The design of the front section of the Soldiers' Memorial Hall employs classical elements to reinforce its commemorative and traditional function. The symmetrically composed principal facade is dominated by a large central projecting gabled bay which is arcaded on street level and forms the principal entrance to the building. The ground floor arcade comprises three segmented archways to Ruthven Street and an archway on the returns. The archways, which are moulded with traditional keystone and corbel detail, are separated by square planned, partially reeded, columns which extend to the second floor of the building supporting an entablature beneath the pediment of the triangular gabled end section. The gable end is facebrick and decorated with rendered banding and a central ovolo opening with rendered surround from which four evenly spaced corbels emanate. Above the spandrel of the ground floor arches are face brick panels fitted between the columns. Above the face brick panels early openings have been enclosed with arctic glass window panels in timber frames. The entablature features lettering "SOLDIERS' MEMORIAL HALL" in relief and painted. The gable end projects from the face of this section and regularly spaced dentils line the eaves, this detail continues throughout the earliest part of the Soldiers' Hall. Flanking the projecting bay, on the facebrick face of the Hall is rendered banding at first floor and cornice level and sash windows on both the ground and first floor. The banding and window openings continue around the Herries Street facade of the building and define the earliest part of the Hall. The window openings are surrounded with rendered surrounds, with moulded sills and heads.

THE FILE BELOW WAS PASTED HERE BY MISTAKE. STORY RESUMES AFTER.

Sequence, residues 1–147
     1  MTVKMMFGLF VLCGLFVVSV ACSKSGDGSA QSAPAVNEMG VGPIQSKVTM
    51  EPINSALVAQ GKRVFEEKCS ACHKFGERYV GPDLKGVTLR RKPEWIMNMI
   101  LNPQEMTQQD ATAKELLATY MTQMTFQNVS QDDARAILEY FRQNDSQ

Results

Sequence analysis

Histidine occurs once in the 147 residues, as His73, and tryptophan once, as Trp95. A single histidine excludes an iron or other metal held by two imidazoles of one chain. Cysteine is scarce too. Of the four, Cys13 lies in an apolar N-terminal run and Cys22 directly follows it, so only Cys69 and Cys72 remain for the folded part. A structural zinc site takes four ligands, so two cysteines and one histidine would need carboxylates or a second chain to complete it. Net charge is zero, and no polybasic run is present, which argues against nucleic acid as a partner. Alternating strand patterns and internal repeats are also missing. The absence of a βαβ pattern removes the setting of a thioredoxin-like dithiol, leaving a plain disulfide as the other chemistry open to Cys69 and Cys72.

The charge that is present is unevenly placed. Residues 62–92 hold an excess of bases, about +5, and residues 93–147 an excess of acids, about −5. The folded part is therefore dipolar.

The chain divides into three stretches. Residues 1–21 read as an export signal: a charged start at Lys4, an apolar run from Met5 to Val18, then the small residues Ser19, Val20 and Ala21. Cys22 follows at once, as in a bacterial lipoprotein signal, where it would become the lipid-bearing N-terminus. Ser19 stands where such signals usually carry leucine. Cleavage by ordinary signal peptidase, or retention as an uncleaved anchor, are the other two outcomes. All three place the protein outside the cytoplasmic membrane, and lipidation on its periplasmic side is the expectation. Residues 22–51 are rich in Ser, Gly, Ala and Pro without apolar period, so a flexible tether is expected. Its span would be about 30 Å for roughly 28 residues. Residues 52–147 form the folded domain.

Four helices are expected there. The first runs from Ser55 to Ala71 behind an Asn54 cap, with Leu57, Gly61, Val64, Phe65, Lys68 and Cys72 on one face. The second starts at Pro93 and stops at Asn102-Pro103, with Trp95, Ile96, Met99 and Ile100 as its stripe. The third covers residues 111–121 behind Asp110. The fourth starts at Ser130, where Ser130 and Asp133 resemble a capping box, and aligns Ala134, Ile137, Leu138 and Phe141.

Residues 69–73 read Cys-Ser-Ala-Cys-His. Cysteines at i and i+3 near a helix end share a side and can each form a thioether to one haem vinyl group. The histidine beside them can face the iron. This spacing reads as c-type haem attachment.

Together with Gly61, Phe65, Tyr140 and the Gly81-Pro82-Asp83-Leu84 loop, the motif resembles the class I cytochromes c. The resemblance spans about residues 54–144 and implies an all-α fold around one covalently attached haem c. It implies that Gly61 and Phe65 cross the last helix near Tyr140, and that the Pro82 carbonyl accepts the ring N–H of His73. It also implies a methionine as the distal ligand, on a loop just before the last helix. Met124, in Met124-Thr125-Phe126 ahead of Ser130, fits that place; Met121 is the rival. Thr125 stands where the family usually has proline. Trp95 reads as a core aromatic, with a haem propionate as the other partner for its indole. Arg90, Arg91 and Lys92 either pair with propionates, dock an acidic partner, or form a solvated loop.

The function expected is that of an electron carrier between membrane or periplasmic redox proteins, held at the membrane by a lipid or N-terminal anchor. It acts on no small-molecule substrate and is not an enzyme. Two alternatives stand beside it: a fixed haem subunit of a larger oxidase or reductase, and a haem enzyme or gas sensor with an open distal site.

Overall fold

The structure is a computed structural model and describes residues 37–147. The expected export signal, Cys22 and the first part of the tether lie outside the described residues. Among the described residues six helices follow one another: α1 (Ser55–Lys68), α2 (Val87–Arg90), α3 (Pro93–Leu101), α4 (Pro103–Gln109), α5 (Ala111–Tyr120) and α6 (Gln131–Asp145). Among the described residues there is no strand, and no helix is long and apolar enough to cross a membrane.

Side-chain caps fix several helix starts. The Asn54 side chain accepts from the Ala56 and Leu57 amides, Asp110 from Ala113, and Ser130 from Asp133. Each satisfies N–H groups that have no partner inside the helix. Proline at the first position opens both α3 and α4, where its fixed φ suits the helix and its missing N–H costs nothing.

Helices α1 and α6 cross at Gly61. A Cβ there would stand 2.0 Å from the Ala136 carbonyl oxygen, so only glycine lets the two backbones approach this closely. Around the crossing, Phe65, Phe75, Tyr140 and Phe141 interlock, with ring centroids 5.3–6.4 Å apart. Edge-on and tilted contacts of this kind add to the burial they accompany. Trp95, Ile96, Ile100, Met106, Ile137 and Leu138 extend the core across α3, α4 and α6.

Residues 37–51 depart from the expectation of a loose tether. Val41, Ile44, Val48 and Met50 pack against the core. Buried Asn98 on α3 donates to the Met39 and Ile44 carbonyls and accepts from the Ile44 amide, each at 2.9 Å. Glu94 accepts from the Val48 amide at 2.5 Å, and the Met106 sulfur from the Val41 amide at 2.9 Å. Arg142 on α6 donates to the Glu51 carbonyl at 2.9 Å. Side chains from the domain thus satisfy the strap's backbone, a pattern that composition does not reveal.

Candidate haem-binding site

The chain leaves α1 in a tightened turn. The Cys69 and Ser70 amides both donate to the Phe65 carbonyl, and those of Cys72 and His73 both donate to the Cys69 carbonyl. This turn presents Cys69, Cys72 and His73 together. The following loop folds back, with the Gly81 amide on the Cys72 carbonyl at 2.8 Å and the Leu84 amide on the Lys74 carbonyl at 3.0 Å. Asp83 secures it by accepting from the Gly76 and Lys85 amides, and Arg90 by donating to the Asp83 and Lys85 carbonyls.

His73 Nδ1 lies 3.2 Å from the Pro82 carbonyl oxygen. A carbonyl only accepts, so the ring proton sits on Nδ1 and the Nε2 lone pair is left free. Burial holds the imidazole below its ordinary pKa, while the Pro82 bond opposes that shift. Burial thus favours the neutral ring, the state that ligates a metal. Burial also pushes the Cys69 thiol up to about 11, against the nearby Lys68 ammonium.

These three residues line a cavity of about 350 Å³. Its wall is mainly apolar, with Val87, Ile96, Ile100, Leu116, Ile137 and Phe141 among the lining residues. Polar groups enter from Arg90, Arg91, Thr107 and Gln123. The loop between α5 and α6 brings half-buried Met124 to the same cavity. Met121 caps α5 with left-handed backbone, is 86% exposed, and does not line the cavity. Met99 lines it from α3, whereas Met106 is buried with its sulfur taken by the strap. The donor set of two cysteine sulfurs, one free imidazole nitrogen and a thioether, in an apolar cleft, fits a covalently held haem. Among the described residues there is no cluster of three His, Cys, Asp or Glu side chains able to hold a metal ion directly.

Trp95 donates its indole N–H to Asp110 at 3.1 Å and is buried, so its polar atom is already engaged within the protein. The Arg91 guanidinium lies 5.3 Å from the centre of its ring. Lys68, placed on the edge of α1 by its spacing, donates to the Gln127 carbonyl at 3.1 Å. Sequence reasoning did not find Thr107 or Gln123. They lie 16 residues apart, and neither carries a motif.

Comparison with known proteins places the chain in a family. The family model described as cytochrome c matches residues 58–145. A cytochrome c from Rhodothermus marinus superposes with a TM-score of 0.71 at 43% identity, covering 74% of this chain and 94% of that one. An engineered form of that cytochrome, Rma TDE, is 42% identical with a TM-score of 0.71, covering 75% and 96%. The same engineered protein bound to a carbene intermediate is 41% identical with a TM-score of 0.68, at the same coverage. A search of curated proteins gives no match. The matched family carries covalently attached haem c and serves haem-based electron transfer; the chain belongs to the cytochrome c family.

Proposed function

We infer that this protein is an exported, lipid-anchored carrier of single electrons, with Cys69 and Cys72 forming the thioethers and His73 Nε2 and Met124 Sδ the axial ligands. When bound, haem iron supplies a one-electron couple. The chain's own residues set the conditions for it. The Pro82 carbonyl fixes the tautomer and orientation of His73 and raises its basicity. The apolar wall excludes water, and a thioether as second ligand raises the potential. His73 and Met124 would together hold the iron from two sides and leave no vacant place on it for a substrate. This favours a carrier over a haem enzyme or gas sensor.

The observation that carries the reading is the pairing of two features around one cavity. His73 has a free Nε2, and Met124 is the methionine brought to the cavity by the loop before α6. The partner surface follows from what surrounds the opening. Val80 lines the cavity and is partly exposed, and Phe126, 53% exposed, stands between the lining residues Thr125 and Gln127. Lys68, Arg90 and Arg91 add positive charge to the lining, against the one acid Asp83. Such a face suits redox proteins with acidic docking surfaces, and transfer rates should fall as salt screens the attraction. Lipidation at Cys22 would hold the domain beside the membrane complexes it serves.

The building is of loadbearing construction. The hipped and gabled roof of the Memorial Hall is clad with corrugated iron and is penetrated by several slender face brick chimneys with rendered caps and decorative banding.
The Herries Street facade of the first section continues the detailing of the Ruthven Street facade, with two gables, a repeat of the Ruthven Street gable toward the corner of the building, and a smaller version over a doorway at the Herries Street end of the front section. To the west of this is a face brick extension with parapet walls concealing a hipped roof and dominated by large steel-framed 4x4 window panels providing natural lighting to the dance floor and the club beyond.
The principal entrance to the Soldiers' Memorial Hall is through the arcade of the projecting bay on Ruthven Street which aligns with the projecting entrance bay of the City Hall. On the face of the Soldiers' Memorial Hall, under the arched entrance are three openings, a double half glazed door at the southern end and two window openings. On the wall to the right of the entrance door is a plaque with the inscription:
This stone was laid by MAJOR-GENERAL SIR T.W. GLASGOW, K.C.B., C.M.G., D.S.O., V.D., K.C.B., Anzac Day, April 25, 1923. In Memory of the Fallen, And in appreciation of the living who took part in the great War, 1914–1918.
The entrance door provides access to a Memorial vestibule which is lined on the northern and southern walls with large timber Honour Rolls; that on the southern wall lists participation in the Second World War and that on the northern wall lists participation in the First World War. The Honour Rolls comprise a number of timber panels within frames on which is written in gold lettering the name of each soldier. The panels are framed with a moulded timber surround and surmounted by a broken pediment detail. The floor of the Memorial room is covered with fine grey terrazzo divided into panels with brass strips and featuring centrally located brass lettering "RSL". A large four panelled doorway provides access into the foyer beyond this room. The doors have high mid rails and are glazed above with a combination of arctic and clear glass. Surmounting the doors are transom lights, again with a combination of arctic and clear glass arranged in square and rectangular panels and with a central circular motif, recalling the circular motif of the Ruthven Street gable end. This timber glazed detail is repeated throughout the early part of the building. The walls of the Memorial room are lined with a flocked wallpaper with a design of Gothic inspiration.